Or did the commander mean the reportedly rapid in-gathering of Hezbollah and Iranian fighters whom many believe are preparing a Qalamoun-type offensive from the west aimed at cutting supplies lines to rebels forces? It's hard to know, but when we last visited his compound on the fifth day, for sure it had changed, presumably in anticipation of something significant about to be unleashed. The hallways of his three-level HQ were now neatly stacked to the ceilings with rockets and ammunition of various kinds. One of his aides joked that he hoped Da'ish or Nusra was not digging another tunnel in the area. With a grimace, his commander explained that his men have only a little outdated Soviet-era tunnel-detection equipment that does not work well so they rely on literally keeping their ears to the ground to detect deadly tunneling sounds. Rebel tunneling that led to the nearby 150-year-old Carlton Citadel Hotel being completely demolished on 8 May 2014. The blast from a tunnel underneath killed between 14 and 50 people, depending of which source one credits. Da'ish claims it was being used as an army barracks. As this observer stumbled alongside army guys whispering into their radios as we climbed through the Carlton Hotel rubble in pitch blackness toward the citadel, he was advised that some bodies under the rubble had still not been recovered seven months later and he sensed fear in his guides about tunnels being dug below. A well-grounded nervousness because on 12/30/14 a powerful blast from explosives planted in a tunnel near the HQ this observer visited reportedly, by a new rebel coalition in Aleppo called Jabha Shamiyeh, killed or wounded more than 30 soldiers.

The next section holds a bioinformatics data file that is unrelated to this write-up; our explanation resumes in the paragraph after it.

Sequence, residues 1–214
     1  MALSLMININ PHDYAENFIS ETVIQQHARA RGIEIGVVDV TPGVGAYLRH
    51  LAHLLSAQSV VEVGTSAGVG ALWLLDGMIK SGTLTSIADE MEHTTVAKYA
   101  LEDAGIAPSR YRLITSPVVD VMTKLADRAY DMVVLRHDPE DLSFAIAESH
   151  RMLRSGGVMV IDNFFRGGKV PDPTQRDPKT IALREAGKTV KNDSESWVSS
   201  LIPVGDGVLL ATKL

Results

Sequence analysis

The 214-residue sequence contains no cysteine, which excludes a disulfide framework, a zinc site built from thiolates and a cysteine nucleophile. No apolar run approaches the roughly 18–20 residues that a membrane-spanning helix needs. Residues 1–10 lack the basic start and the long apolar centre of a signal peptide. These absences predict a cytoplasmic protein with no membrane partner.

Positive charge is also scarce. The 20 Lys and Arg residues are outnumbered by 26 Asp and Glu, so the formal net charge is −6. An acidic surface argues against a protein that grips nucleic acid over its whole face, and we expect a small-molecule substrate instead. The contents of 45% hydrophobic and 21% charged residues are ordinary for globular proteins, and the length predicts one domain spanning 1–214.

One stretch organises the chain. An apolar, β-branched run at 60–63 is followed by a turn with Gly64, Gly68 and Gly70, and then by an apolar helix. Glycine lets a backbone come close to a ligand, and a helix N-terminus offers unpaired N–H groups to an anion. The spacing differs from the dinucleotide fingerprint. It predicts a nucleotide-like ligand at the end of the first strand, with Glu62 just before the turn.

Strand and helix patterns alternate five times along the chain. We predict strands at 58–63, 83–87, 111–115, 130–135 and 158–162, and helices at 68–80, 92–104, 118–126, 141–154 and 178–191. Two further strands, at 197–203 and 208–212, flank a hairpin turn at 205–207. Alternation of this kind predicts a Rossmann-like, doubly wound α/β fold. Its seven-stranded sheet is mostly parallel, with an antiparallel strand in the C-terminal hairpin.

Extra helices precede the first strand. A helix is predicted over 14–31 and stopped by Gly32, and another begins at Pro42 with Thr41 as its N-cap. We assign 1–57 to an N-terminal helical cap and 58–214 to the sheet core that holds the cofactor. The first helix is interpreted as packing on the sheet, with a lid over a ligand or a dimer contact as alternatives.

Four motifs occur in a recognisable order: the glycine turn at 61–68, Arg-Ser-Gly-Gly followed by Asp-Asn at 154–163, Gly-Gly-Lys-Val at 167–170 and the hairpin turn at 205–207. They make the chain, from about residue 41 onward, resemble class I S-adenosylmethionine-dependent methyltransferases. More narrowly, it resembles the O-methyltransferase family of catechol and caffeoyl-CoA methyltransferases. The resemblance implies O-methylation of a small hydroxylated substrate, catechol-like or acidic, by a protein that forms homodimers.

Both sides and their allies are getting exhausted with reported increased desertions from both sides and intensifying complaints from the population. Syria's allies are growing weary of a conflict that could last decades without clear benefits to any side. Russia is tired with major economic problems looming. The recent collapse in oil prices and Western sanctions have battered the Russian economy, which has fallen into decline for the first time in five years, according to official figures. This forced drastic interventions from the Russian Central Bank and appears to be creating the biggest crisis in Vladimir Putin's leadership of the country. Russia's economy ministry said GDP had fallen by 0.5pc in the year to November, the latest sign that the country is heading for recession.
With respect to Iran, despite repeated assurances from its leaders that the US led sanctions have been defeated, it still faces severe economic problems as well as the growing loss of al Quds commanders in Syria and Iraq, leading to increasing criticism of the regimes involvement in both countries and even Lebanon from the Iranian people.